Smoke but No Fire
Convicting the Innocent of Crimes that Never Happened
Other Editions of This Title:
2020 Foreword INDIES Book of the Year Awards Winner, Silver (Political and Social Sciences)
Winner of the Montaigne Medal, awarded to "the most thought-provoking books"
The first book to explore a shocking yet all-too-common type of wrongful conviction—one that locks away innocent people for crimes that never actually happened.
Rodricus Crawford was convicted and sentenced to die for the murder by suffocation of his beautiful baby boy. After years on death row, evidence confirmed what Crawford had claimed all along: he was innocent, and his son had died from an undiagnosed illness. Crawford is not alone. A full one-third of all known exonerations stem from no-crime wrongful convictions.
The first book to explore this common but previously undocumented type of wrongful conviction, Smoke but No Fire tells the heartbreaking stories of innocent people convicted of crimes that simply never happened. A suicide is mislabeled a homicide. An accidental fire is mislabeled an arson. Corrupt police plant drugs on an innocent suspect. A false allegation of assault is invented to resolve a custody dispute. With this book, former New York City public defender Jessica S. Henry sheds essential light on a deeply flawed criminal justice system that allows—even encourages—these convictions to regularly occur. Smoke but No Fire promises to be eye-opening reading for legal professionals, students, activists, and the general public alike as it grapples with the chilling reality that far too many innocent people spend real years behind bars for fictional crimes.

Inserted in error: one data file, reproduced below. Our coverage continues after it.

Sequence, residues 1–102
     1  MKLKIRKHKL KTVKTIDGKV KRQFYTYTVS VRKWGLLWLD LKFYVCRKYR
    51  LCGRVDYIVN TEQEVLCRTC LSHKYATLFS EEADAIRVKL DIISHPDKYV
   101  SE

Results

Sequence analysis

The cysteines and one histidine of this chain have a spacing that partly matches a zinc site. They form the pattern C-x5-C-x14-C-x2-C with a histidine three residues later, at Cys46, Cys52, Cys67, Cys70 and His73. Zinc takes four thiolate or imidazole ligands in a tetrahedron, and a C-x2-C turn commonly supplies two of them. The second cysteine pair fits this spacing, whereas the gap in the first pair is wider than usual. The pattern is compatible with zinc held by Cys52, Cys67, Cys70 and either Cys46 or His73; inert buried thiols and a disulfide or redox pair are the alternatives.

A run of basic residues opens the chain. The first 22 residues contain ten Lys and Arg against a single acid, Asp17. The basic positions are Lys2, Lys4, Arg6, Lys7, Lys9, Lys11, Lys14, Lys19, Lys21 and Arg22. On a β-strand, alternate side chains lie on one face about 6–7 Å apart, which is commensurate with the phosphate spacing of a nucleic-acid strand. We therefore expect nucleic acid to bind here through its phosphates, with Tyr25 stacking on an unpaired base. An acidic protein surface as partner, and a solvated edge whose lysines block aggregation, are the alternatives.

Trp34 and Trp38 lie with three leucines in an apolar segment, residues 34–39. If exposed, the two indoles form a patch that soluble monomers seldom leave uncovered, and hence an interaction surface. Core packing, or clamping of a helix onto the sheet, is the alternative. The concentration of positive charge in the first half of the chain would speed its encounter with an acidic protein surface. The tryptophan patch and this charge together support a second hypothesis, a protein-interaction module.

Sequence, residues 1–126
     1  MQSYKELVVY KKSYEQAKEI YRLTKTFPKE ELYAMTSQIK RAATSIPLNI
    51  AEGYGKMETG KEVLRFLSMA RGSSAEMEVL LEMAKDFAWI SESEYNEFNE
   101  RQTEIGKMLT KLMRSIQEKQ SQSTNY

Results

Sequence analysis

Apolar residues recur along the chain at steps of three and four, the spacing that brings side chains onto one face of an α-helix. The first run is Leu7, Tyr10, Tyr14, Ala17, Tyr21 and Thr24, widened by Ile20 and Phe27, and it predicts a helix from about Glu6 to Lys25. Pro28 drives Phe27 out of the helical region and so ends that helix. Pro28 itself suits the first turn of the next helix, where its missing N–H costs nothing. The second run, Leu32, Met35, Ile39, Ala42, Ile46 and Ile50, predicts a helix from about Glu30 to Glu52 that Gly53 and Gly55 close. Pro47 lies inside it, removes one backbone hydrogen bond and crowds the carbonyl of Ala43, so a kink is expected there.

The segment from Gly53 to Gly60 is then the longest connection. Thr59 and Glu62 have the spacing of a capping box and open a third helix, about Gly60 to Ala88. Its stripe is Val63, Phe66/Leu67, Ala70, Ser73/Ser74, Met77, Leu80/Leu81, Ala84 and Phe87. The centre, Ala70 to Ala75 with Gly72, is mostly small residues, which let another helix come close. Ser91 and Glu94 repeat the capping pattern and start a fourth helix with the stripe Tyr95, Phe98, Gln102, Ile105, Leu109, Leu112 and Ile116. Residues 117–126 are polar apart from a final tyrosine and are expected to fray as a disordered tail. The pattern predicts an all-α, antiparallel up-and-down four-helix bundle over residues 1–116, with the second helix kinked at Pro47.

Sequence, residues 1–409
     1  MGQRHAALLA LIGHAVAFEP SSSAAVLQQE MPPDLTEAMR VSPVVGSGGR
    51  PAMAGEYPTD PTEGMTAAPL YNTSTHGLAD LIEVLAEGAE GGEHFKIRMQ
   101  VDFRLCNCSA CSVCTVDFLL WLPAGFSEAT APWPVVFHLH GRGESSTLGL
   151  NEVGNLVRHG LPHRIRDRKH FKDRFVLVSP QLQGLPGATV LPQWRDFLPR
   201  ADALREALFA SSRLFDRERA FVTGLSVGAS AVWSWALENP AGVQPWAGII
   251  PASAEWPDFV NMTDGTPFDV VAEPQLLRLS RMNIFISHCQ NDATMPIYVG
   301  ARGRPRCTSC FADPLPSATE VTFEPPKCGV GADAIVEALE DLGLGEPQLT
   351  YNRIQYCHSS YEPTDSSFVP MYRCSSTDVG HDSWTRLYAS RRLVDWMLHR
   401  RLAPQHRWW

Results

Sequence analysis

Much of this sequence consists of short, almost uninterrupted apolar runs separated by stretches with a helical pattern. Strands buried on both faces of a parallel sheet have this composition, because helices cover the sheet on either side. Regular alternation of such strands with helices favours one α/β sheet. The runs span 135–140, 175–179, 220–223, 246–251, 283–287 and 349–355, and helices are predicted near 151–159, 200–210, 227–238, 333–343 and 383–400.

Praise For Smoke but No Fire: Convicting the Innocent of Crimes that Never Happened…
— Kirkus Reviews
“Jessica Henry provides a concise and even-handed account of no-crime convictions and the numerous, interdependent ways in which they are allowed to continue. Her ability to weave personal stories with the matter of (legal) fact writing beautifully illustrates a perfectly ugly scenario. . . . The book is an informative and interesting read that also provides a great starting point for anyone who may want to further investigate this miscarriage of criminal justice.”
— Crime, Law and Social Change
"Smoke but No Fire is an engaging read that offers a damning indictment of the American criminal justice system and its pervasive indifference to the possibility of innocence."
— Wrongful Conviction Law Review
University of California Press, 9780520300644, 264pp.
Publication Date: August 4, 2020